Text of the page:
Branding concepts in publishing

We may not judge our books by their logos, but a distinctive marque can still make all the difference for emerging imprints. Anna Richardson unravels the branding concepts behind three new publishing ventures.

Diana the Huntress, Eve’s apple or a simple descriptive letter are just some examples of prominent publishing logos. But many would struggle to match a logo with the imprint it denotes – apart from that penguin of Penguin, of course.

‘Imprints are mostly a way of publishers presenting themselves to other customers within the industry such as book retailers or literary agents,’ explains Claire Round, marketing director of William Heinemann, which recently launched new paperback imprint Windmill Books. ‘It’s quite rare for consumers to select a new title on the basis of its publisher.’

Nonetheless, a strong identity is vital when presenting to the trade and can serve as a useful in-house reminder of an imprint’s essence.

One newcomer is Particular Books, a quirky non-fiction list within Penguin Press which launches in July. Editorial directors Helen Conford and Georgina Laycock describe it as ‘fun to know’, from the information within to the books themselves. This will be reflected in their handmade qualities, with a tendency for illustration throughout, bespoke text design and traditional, tactile materials.

The ideas of playfulness and a handmade high quality informed the logo design, and a folded paper rabbit image was created following an in-house pitching process. Art director Jim Stoddart says, ‘It summed up the imprint’s key qualities, but also had a freshness and even flippancy which can be hard to achieve.’

‘I like to think the logo is the page of a book, carefully folded into a rabbit shape,’ explains designer Stefanie Posavec, who created the marque. ‘I wanted to use an animal linked to the UK to emphasise the home-made qualities of the imprint, and as Particular Books is meant to be a hand-crafted, quirky and playful imprint, [the folded effect] made perfect sense to me.’

Another animal-inspired logo emerged at Corvus, a new imprint of genre fiction from Grove/Atlantic. The challenge was to represent the diversity of the list, which spans crime, historical and science fiction. ‘What I’m interested in are books which don’t fit into one particular genre,’ says publishing director Nicolas Cheetham. The name, Latin genus for the raven family, suited the list partly because of its mythical connotations. Also, the collective noun for crows is ‘a murder of crows’ and for ravens – more spuriously – ‘a storytelling of ravens’, which added extra resonance.

The logo developed from the initial idea of a Venetian raven mask, which turned into an ink blotch, eventually morphing into a fluid raven motif. ‘It represents the variety that Corvus will publish,’ says independent designer Andy Valla, who conjured the logo. ‘I wanted it to have freedom and break out of the mould of traditional publishing logos.’ Cheetham adds, ‘I always like publishers’ logos which are more flowing and was keen to introduce some of that to Corvus.’

Cheetham doesn’t think that the brand and logo are that important to a new imprint. ‘It’s important that the trade knows what kind of books they might be able to expect from your imprint; I’m not certain that an actual logo makes a huge amount of difference,’ he says. ‘But it does show attention to detail.’ It might also add a narrative to the imprint name, says Cheetham, and if it is used larger on advance proofs it can successfully herald new Corvus launches.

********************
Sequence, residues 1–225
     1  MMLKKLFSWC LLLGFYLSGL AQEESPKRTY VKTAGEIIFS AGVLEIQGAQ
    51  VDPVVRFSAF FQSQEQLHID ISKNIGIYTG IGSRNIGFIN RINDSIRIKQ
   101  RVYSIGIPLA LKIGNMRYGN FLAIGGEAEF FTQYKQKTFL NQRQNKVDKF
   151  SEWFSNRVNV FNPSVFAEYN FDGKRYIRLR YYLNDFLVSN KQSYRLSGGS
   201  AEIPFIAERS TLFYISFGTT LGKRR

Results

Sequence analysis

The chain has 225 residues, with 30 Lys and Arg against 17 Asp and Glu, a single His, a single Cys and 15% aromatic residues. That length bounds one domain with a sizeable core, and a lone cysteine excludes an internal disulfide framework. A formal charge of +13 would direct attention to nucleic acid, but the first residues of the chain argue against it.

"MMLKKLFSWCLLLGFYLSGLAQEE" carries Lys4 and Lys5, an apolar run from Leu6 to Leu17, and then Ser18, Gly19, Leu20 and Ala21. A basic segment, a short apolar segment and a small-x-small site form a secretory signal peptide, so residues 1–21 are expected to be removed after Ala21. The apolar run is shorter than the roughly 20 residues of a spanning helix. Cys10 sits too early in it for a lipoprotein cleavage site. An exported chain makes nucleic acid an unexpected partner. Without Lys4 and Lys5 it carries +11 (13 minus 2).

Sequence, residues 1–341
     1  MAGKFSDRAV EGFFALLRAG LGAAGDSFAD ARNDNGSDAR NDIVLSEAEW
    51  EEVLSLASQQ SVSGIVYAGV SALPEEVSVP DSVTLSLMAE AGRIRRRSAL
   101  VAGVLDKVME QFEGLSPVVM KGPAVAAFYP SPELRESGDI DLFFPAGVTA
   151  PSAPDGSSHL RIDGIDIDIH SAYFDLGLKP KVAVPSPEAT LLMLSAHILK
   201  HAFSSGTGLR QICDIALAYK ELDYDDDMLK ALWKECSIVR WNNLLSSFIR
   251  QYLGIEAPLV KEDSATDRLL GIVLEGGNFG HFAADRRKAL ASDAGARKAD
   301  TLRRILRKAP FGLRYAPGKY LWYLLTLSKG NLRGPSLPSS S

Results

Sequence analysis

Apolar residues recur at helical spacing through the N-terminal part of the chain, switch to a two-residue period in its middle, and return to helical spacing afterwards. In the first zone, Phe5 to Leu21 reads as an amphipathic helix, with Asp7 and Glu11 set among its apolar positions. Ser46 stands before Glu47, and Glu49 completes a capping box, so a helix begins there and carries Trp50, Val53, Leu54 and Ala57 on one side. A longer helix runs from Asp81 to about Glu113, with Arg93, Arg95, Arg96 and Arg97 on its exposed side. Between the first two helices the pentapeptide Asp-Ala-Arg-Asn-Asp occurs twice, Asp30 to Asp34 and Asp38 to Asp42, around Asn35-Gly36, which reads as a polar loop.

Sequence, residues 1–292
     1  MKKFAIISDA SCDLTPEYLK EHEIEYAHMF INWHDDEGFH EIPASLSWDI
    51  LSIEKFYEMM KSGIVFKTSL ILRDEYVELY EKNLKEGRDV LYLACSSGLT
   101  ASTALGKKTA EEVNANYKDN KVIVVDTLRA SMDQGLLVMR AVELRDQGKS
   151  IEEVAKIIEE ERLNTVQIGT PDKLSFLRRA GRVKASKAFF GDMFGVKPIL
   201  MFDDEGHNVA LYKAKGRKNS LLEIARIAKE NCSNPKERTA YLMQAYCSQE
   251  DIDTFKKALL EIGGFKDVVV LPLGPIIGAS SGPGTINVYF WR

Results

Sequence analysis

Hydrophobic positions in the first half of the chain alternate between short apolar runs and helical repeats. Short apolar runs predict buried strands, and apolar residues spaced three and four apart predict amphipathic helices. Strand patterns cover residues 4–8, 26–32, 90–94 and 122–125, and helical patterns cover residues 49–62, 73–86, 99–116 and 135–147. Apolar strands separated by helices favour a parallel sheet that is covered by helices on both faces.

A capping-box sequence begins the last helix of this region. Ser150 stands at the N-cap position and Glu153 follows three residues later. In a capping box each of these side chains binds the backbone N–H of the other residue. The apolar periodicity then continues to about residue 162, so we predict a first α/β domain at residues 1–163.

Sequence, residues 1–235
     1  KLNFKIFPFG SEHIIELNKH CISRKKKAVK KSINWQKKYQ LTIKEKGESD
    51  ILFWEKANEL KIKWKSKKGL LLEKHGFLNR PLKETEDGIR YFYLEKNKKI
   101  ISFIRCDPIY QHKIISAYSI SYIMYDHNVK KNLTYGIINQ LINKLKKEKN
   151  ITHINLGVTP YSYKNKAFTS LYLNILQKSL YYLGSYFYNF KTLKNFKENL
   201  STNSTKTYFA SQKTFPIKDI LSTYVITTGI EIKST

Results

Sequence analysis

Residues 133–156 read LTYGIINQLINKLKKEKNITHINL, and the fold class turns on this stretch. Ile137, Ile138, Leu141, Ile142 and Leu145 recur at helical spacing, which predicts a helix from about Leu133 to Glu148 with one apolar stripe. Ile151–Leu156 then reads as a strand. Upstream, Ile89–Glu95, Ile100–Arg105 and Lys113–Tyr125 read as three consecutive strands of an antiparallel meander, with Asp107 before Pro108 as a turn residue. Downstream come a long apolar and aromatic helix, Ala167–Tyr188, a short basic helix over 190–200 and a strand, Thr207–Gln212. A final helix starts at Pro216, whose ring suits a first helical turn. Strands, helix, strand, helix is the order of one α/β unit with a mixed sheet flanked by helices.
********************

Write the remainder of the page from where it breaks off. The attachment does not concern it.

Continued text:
At new Random House imprint Windmill Books, the logo had to represent the literary aspirations of the division and distinguish itself from the publisher’s other, predominantly commercial paperback imprint, Arrow. Deriving in part from the well-established Heinemann windmill logo, the new one needed to create its own distinctive personality, says art director Richard Ogle. ‘Featuring an actual windmill would look either too close to the Heinemann logo, old fashioned or Dutch, none of which fitted the books or the profile of the potential readers.’ The result was a six-sail emblem, combining dynamism and a timeless appeal.

When it comes to the books’ design, imprints tend to approach each title individually. ‘The cover design will be entirely dependent on the books,’ says Cheetham. ‘The list is going to be very diverse. To tie them together with an overall brand would be doing a disservice to the author and reader.’

The Windmill launch list is also diverse. ‘Our priority, beyond the branding message, was to create a livery which would be flexible, distinctive and also design-friendly,’ says Ogle. The only rules are the positioning of the logo on the spine, the barcode block on the back cover and a reproduction of authors’ signatures inside.

‘From the bold graphic design of The Gone Away World by Nick Harkaway to the rich contemporary literary feel of The Garden of Last Days by Andre Dubus III, they approach a more literary sensibility from very different directions, with disparate design aesthetics, which somehow successfully sit as one.’

Beyond the books, the identity can focus the publishing process in other ways. ‘The design helps us when we talk about the imprint within Penguin and present books to our sales colleagues,’ says Particular’s Conford. ‘It helps focus our attention on the qualities we are looking for in the books we commission. It’s a visual reminder of the qualities – crafted, characterful, fun to know – that we hope the imprint will embody.’ •

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  • dee November 30, -0001 at 12:00 am

    Bad idea, that printed signature. Now all the online sellers offering “signed copies” just create confusion. What were y’all thinking?

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